The Phillips family claims he sustained a brain injury and suffered from post-traumatic stress disorder as a result of that incident (though the investigation report notes “no gross evidence of a traumatic brain injury was found” during an autopsy by the Butte County Coroner’s Office). The altercation landed Phillips in the intensive care unit of Sutter Hospital with multiple injuries; he was reportedly suffering from acute psychosis and a possible case of rhabdomyolysis—inflammation from muscle damage that can lead to kidney failure. He was charged with felony assault on an officer. His family says it was his first and only contact with police prior to medical responses in Chico, and the final investigation report likewise indicates no further criminal record.
Ramsey’s report does detail a voluntary visit to Butte County Behavioral Health’s Crisis Center in Chico on March 1, during which Desmond told a clinician he was “lost in thought; thinking about violence; worried about acting on it; feeling like I’m a threat to others, but also feel like others are a threat to me.” He also complained he’d been stuck in a hyper-vigilant state and suffered seizures since the Sacramento incident. After an evaluation determined he didn’t need hospitalization, he was sent away with a “safety plan” that recommended he follow up with an outpatient screening. He had no further reported contact with Behavioral Health before his death.
The elder Phillips disagrees with many details in Ramsey’s account of the night he called 911 and that police kicked in his door and shot Desmond, and points to inconsistencies in the official narrative to back his claims.
Accounts from the officers on the scene when Desmond was killed vary. Fliehr told investigators he saw a knife in each of his hands as he rose and charged officers after being hit by a Taser; Gagnebin, the other shooter, reported seeing him pick up a sharpened stick with a shiny metal point; and Officer Jarrod Cumber, who fired the Taser, reported Desmond was wielding a knife. The object found in Desmond’s right hand after his death was a wood-and-metal piece of door jamb broken off when officers kicked in the apartment’s front door.
During public forums in which the Phillips family countered the district attorney’s narrative of the incident, Ramsey repeatedly rejected David Phillips’ assertion he saw his son get shot, saying the father was locked in a room when shots were fired. But crime lab analysis of the 911 calls included in the final report revealed David had indeed opened the door before the shooting.
“The sight of the officer shooting an already falling Desmond would have naturally inflamed and upset the father,” Ramsey wrote in his report, explaining that shots fired after a threat has been stopped demonstrate a phenomenon sometimes called the OODA loop (short for observe, orient, decide and act). Ramsey claims this phenomenon explains the shots Phillips witnessed, as it takes “reasonable reaction time” to stop shooting in the face of a threat.
Phillips doesn’t buy it. “I saw Desmond’s body locked from the Taser,” he wrote in an account of the shooting released May 22 as part of the Justice for Desmond effort. “As my baby was falling, they were shooting him … he was no threat to them.”
Regardless of Ramsey’s findings, the loudest outcry over the shooting has centered around one indisputable fact: Phillips had summoned medical help during his son’s mental health crisis, and 21 minutes later, Desmond lay dead, with 10 of the 16 bullets fired at him having met their target.
Since the shooting, Chico Police Chief Mike O’Brien has also been vocal about the confluence of mental health and law enforcement issues. In press conferences and community forums regarding the incident, he’s repeatedly said Butte County is experiencing a mental health emergency of epidemic proportions, and that systemic changes need to happen to better care for those afflicted.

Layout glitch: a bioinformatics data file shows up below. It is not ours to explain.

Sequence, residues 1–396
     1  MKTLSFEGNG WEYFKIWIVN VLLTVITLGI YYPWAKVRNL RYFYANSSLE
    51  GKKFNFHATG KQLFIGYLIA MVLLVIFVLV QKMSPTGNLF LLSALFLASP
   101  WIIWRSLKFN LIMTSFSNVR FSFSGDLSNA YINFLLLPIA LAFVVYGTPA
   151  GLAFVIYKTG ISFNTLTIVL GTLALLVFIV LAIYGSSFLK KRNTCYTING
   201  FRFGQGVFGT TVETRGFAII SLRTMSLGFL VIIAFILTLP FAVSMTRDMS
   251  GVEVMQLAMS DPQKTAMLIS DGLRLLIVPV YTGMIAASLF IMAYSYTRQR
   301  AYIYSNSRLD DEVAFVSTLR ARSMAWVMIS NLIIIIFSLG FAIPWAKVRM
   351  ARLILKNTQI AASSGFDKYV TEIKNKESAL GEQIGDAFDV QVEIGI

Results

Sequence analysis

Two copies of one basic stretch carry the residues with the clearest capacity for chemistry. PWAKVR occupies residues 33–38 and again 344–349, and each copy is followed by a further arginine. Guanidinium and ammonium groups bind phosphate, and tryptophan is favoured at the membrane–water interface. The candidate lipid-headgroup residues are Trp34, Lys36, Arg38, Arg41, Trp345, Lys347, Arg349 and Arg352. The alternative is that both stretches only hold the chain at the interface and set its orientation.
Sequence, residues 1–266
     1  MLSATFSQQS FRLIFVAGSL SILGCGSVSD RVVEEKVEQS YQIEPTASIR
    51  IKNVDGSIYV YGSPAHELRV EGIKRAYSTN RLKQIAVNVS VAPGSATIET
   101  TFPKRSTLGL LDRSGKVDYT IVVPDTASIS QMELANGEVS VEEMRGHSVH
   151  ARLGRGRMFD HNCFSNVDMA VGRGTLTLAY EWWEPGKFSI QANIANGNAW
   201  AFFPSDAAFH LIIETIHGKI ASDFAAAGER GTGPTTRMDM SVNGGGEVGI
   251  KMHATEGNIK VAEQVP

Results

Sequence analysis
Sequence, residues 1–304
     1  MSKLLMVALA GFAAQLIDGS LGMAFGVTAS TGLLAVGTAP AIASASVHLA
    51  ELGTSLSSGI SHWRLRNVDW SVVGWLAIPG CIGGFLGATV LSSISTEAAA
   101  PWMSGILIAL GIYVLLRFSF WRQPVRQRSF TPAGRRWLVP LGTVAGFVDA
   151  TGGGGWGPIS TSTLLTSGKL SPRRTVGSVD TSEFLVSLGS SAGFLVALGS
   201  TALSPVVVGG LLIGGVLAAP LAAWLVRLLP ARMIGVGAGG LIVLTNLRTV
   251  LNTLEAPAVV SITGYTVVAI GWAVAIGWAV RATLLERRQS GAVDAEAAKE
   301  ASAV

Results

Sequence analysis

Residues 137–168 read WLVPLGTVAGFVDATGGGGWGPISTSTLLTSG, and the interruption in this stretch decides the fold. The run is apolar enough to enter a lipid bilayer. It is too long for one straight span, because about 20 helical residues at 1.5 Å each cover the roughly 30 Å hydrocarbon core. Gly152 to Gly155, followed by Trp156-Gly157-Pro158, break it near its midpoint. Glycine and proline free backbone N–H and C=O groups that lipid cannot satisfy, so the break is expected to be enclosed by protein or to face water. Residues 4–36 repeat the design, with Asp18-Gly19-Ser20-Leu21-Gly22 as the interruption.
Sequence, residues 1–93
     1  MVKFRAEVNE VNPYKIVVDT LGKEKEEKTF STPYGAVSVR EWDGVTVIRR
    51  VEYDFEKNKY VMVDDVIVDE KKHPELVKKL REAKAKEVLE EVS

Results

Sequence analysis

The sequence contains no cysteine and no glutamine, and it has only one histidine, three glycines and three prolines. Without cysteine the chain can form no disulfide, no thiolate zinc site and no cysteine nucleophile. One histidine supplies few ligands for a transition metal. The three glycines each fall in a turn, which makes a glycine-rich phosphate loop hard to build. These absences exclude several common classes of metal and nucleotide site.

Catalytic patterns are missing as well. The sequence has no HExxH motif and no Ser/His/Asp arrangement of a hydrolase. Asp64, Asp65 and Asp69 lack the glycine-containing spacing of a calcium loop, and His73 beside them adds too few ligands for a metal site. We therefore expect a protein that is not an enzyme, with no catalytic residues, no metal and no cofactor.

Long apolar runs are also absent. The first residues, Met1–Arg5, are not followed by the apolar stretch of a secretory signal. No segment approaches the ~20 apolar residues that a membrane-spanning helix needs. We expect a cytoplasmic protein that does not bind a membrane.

At a Police Community Advisory Board meeting dedicated to mental health issues on May 17, O’Brien presented some numbers supporting that assertion. Between May 2012 and April 2013, CPD received 773 calls for service regarding mental health issues; in that same period in 2016-17, the department received 1,004 calls. O’Brien said he was particularly concerned about the number of suicides CPD sees—12 in 2012-13, 18 in 2016-17, and 29 in the time between those periods.
At the advisory board meeting and in separate interviews in recent weeks, O’Brien and Dorian Kittrell, director of the county’s Behavioral Health Department, outlined some possible causes for the increased prevalence of mental illness.
Kittrell pointed to Butte County’s 21.8 percent poverty rate, which is 1.5 times higher than the national average, explaining that childhood poverty can have lasting traumatic effects that manifest as mental disorders, and low-income families have fewer health care options. Both men cited the opioid epidemic and other drug issues as a contributing factor. Addiction and mental illness are often co-occurring disorders, and overdose or prolonged substance use can alter healthy brain chemistry or trigger a latent predisposition to mental illness, Kittrell said.
A few of the factors contributing to increased reports of mental illness are actually positive, according to Kittrell. They include a willingness to seek help—an indicator that stigma regarding mental health issues is on the decline. Additionally, the Affordable Care Act has increased access and helped fund better outreach and treatment. Kittrell said with certainty that repeal of the federal health care law will make the epidemic much worse.
Kittrell posited that part of the problem is life in modern times: “We’re constantly bombarded by all of the problems in the world, and there’s a lot of trauma and trouble and uncertainty,” he said. “I think that can have very negative effects on people who are susceptible to depression, anxiety and psychosis.”
The Behavioral Health website touts a Mobile Crisis Unit operating in Butte County, but Kittrell acknowledges that calling it a mobile crisis unit, in its current form, “is something of a misnomer.” Here it refers to professionals embedded in or dispatched to emergency rooms and other facilities to evaluate people in crisis, while in other communities it refers to a team dispatched into the field.
In the mobile crisis model, qualified mental health professionals act as first responders to emergency calls involving psychiatric crises, just as EMTs are sent to handle physical injuries. Depending on the individual program and nature of the call, they are often dispatched alongside or in lieu of law enforcement. Kittrell himself worked on a mobile crisis team in Berkeley